Wednesday, 18 December 2019

Questions (41, 46)

Thomas P. Broughan

Question:

41. Deputy Thomas P. Broughan asked the Tánaiste and Minister for Foreign Affairs and Trade if he will report on violations of human rights in Xinjiang and Hong Kong; the further steps he and his EU colleagues will take, including sanctions attached to EU-China trade agreements, to promote democratic values in China; and if he will make a statement on the matter. [52647/19]

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Maureen O'Sullivan

Question:

46. Deputy Maureen O'Sullivan asked the Tánaiste and Minister for Foreign Affairs and Trade the position of Ireland on the continuation of violence in Hong Kong in the name of democracy; and if he will make a statement on the matter. [53197/19]

View answer

Oral answers (8 contributions) (Question to Foreign)

I have asked the Tánaiste many times in the past year or two about the situation in Xinjiang in China, where up to 1 million Uighur people are being kept in concentration camps, and what actions we were taking with our European partners in that regard. The horrendous fate of the Uighur nation was recently highlighted by the great German footballer, Mesut Özil. I also ask about the future of Hong Kong and what supports we are giving to pro-democracy groups there.

I propose to take Questions Nos. 41 and 46 together.

Ireland, along with our EU partners, is closely following developments in China, including in Xinjiang and Hong Kong. As I have stated on several occasions in this House in recent weeks, Ireland and our European partners remain deeply concerned about the credible reports of the treatment of ethnic Uighurs and other minorities in the Xinjiang region, including arbitrary detention, widespread surveillance and restrictions on freedom of religious belief. We have raised our concerns with our Chinese counterparts in both bilateral and multilateral contexts, and, along with EU partners, we continue to do so. 

Ireland was one of 23 states to sign up to a joint statement on this issue at the UN General Assembly Third Committee on 29 October. This statement called on the Chinese Government to implement urgently eight recommendations relating to Xinjiang made by the Committee on the Elimination of Racial Discrimination, including refraining from the arbitrary detention of Uighurs and members of other Muslim communities. In July this year, Ireland was one of 22 states to sign up to a joint letter at the United Nations Human Rights Council in Geneva. This letter expressed concerns about credible reports of arbitrary detention in large-scale places of detention as well as widespread surveillance and restrictions. The letter called on the Chinese Government to uphold its international obligations to and respect for human rights in Xinjiang.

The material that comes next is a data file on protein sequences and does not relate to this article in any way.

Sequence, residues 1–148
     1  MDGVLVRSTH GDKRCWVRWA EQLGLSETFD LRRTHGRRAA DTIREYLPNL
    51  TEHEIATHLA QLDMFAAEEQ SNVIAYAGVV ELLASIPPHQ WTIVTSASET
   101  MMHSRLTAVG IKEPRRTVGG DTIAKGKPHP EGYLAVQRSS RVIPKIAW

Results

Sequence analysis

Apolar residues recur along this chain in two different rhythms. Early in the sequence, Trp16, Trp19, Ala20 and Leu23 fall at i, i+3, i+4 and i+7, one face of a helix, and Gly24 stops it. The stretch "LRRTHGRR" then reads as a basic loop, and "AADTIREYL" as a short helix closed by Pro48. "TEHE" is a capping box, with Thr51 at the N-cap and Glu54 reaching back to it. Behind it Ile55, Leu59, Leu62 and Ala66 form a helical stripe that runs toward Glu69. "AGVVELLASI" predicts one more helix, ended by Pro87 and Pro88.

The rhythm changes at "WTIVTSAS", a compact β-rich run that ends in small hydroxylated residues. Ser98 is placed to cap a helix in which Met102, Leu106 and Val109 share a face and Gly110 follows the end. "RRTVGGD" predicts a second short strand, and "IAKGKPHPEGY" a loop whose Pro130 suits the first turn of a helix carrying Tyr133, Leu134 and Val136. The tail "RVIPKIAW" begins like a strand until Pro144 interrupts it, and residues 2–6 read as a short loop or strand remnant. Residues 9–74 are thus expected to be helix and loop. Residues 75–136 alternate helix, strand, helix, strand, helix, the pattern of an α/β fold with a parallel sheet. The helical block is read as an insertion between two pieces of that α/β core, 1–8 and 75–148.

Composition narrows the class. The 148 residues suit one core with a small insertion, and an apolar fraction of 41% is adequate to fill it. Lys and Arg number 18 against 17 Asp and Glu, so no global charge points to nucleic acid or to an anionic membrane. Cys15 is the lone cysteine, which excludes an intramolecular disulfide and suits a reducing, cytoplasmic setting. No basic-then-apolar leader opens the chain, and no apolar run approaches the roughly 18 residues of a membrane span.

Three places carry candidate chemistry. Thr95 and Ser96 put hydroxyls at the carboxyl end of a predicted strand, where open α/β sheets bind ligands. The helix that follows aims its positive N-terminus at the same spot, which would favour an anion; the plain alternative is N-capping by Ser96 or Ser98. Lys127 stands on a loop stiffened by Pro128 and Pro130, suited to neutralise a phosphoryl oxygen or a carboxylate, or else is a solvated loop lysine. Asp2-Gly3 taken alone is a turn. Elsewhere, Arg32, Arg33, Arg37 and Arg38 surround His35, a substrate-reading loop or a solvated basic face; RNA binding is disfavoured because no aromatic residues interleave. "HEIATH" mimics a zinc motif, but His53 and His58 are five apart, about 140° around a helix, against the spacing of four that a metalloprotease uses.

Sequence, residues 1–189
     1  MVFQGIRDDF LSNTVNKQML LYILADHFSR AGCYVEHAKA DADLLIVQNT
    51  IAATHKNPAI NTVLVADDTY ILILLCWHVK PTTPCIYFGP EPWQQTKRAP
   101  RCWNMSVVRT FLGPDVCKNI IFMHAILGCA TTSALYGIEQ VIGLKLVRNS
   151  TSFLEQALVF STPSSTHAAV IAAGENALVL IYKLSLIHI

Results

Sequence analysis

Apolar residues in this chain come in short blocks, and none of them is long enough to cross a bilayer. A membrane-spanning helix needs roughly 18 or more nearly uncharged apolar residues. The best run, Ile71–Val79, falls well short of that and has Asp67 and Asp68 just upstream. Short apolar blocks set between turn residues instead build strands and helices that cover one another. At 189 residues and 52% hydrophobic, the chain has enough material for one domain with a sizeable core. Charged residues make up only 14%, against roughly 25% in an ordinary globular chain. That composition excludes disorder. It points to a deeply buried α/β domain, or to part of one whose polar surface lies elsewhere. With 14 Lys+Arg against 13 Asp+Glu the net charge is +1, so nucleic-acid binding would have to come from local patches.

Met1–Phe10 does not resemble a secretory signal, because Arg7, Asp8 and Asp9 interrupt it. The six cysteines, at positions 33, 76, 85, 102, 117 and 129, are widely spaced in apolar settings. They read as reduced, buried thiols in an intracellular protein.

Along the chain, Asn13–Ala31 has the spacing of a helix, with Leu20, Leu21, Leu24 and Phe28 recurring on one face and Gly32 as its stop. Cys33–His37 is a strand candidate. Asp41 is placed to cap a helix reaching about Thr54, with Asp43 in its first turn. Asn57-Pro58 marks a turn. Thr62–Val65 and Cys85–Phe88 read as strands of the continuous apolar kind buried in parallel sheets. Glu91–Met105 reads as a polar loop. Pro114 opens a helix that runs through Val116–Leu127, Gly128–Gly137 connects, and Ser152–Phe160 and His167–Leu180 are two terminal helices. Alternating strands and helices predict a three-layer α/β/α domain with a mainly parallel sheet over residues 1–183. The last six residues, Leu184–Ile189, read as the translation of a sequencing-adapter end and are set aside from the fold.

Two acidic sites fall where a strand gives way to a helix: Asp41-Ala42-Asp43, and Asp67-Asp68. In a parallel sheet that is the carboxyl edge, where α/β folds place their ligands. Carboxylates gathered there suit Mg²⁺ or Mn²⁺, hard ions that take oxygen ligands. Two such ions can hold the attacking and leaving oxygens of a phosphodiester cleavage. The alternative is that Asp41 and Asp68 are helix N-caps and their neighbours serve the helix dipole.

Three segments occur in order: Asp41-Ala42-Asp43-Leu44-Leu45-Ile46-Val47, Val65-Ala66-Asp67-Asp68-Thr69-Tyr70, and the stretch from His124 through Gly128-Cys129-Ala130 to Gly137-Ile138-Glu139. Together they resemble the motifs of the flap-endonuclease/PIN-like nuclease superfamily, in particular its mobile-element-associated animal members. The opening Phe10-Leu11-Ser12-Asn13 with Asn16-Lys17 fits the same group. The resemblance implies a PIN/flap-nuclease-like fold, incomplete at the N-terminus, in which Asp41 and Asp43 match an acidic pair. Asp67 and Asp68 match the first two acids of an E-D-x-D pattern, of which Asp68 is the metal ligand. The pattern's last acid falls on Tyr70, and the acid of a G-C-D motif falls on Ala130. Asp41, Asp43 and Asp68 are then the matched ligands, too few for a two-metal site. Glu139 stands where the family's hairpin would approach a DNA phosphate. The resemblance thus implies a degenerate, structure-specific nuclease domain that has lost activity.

The issue has also been raised at EU level, both bilaterally and in multilateral fora, including at the EU-China summit and EU-China human rights dialogue in April this year. During the dialogue, the EU noted that while actions to counter terrorism are essential, these actions must respect the principle of proportionality, fundamental freedoms and international laws.

The Government is also closely monitoring the ongoing protests in Hong Kong. I am concerned, in particular, about the violent confrontations that have taken place. I welcome, however, that the district council elections were held on 24 November without incident and call on all parties to respect the election results. I also welcome recent moves towards an inclusive dialogue from the Chief Executive, Ms Carrie Lam, and the Hong Kong authorities.

With regard to the protests, Ireland fully supports fundamental freedoms such as the freedom to assemble and the right to peaceful assembly. As I have noted previously in this House, Ireland has consistently called for these freedoms, which are provided for in Hong Kong’s basic law, to be upheld. Whereas the protesters' right to peaceful demonstration should be respected, we should not condone violence. Dialogue and engagement rather than violent actions will provide the best outcomes for the people of Hong Kong. At the same time, I continue to call upon the police to exercise restraint and proportionality in its response.

Ireland fully supports EU statements on developments in Hong Kong, the most recent of which was released on 18 November by the then High Representative of the Union for Foreign Affairs and Security Policy, Ms Federica Mogherini. This statement recalled the EU's support for the one-country, two-systems principle and reiterated the EU position that restraint, de-escalation and dialogue are the way forward. It called for confidence-building measures, including an inclusive and sincere dialogue, reconciliation and community engagement and for a comprehensive inquiry into the violence, use of force and the root causes of the protests.

At a bilateral level, officials in my Department have engaged with the relevant Chinese authorities to convey our concerns, including with representatives of the Hong Kong Government. Along with the EU office and representatives of other EU member states in Hong Kong, we will continue to engage regularly with Hong Kong authorities on this matter and to convey our support for dialogue and a peaceful resolution to the protests.

Ireland and the EU will continue to monitor developments and engage with Chinese authorities and like-minded partners in bilateral and multilateral fora to address these concerns.